You know when blogs are(which makes Hammer of Truth worth roughly less than $70K), there’s a little bit of a bubble:
AOL bought Weblogs inc., the two year old weblog network founded by Jason Calacanis and Brian Alvey, for a number that is rumored to be anywhere between $25 million and $40 million. In this process, Time Warner may be providing some ideas as to the valuation of blogs by traditional media.
[…]Should we now assume that traditional media companies are willing to pay between $500 and $1000 per site that links into a blog?
Not quite. The incremental value is in the size of the network and the underlying tools. Jason and Brian have been working on developing a blog authoring technology, called BlogSmith, that sits at the core of their network and one has to believe that AOL saw some value in the software too. However, one can easily say that blog valuations are going to be easier to make after this deal since it provides the first yardstick in that space.
In which case, the yardstick says AOL got fleeced. Welcome to Intarweb 2.0, milk it while you can mofo.
But in case you thought the blog hype only pervaded the boardroom, you need to take a look at the classroom where one enterprising English teacher instructs his students to create a blog, and one student applies the old and worn essay format to dissecting others’ blog posts:
In English 11, we have been given the assignment of creating a blog. I’m still a bit uncertain as to what a blog is; however, I feel that with all of the technology incorporated into the curriculum I will learn more about the options available. This blog will allow me to publish some of my work and will enhance my learning skills!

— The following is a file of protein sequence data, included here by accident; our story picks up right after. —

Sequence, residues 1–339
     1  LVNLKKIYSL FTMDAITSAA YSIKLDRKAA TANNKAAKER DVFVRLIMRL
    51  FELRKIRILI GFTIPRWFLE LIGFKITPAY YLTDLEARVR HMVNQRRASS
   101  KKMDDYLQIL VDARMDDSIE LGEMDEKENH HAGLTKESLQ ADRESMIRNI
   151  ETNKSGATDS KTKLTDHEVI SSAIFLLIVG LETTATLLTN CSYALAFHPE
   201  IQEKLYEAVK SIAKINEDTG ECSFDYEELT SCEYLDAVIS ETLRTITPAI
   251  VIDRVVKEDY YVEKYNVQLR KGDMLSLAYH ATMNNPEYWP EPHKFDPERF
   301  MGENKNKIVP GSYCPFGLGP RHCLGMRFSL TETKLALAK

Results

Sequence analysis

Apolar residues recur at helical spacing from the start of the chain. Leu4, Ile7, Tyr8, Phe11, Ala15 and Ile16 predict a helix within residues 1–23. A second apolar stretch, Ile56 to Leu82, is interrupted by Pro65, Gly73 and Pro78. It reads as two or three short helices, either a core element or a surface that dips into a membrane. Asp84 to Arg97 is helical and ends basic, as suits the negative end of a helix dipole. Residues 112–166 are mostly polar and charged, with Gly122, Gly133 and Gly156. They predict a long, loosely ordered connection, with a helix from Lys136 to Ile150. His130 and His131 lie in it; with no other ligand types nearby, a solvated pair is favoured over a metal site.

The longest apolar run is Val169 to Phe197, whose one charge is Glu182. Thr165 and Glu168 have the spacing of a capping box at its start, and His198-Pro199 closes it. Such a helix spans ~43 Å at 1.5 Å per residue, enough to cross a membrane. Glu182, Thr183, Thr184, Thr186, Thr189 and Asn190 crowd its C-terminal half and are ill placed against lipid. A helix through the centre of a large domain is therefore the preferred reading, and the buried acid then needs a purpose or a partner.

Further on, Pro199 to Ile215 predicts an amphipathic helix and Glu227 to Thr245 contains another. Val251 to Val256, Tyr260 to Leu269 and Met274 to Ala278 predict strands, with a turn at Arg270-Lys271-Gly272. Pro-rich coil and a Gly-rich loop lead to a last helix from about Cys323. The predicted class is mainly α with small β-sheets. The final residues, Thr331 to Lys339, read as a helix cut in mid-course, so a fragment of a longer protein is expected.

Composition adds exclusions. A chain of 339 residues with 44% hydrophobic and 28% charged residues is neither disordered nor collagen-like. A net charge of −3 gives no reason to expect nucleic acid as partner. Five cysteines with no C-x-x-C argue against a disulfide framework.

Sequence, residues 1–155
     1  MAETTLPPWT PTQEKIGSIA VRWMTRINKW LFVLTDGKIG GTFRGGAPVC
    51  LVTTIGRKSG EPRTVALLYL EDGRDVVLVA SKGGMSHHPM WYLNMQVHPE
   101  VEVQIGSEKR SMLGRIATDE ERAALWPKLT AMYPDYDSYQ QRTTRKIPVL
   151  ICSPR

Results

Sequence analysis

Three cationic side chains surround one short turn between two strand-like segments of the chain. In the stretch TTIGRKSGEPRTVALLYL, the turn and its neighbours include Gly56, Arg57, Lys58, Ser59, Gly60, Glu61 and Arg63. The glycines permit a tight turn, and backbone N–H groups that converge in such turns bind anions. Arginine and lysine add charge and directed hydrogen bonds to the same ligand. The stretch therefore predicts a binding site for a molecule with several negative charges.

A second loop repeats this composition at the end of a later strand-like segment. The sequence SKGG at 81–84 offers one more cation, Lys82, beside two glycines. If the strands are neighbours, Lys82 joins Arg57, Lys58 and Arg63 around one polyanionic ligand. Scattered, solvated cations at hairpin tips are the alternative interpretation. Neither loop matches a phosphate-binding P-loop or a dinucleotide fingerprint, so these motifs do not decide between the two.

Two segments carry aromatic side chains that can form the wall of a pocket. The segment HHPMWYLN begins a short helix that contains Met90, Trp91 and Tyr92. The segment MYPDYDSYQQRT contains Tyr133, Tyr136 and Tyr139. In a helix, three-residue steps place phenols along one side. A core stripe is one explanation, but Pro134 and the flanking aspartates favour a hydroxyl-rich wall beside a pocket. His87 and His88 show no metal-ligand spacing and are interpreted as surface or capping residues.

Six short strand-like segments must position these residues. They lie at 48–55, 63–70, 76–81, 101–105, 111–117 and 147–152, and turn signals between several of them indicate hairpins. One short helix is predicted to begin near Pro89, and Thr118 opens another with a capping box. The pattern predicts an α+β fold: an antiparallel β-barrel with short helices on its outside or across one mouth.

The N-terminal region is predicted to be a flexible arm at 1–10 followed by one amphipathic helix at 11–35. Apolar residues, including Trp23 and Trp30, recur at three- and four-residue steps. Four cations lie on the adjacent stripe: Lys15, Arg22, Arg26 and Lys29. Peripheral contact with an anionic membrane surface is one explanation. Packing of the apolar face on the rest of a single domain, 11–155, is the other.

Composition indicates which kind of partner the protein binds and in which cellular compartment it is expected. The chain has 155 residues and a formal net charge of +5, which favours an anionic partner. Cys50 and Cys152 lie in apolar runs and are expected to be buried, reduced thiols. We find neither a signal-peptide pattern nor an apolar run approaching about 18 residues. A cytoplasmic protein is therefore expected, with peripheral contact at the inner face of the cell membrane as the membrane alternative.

Thanks to Joe Stump for pointing out one of her blog entries, a long rambling analysis of :
The Joe Smug blog includes the author’s point of view on weightloss and the success of Jared by incorporating certain facts from a CNN article link. The author gives a personal testimony of his recent battle with weightloss, showing how he is personally affected by the issue. He then discusses two examples of those who lost weight, his college freshman roomate’s success with weightloss, losing 80 pounds in one summer, and Jared Fogle.
The author then writes for another 400 words in order to meet the teacher’s requirement for essay length. Seriously, rambling… AT IT’S BEST! YAY INTARWEB!
If this is how Internet 2.0 is shaping up, I’m more than a little disappointed.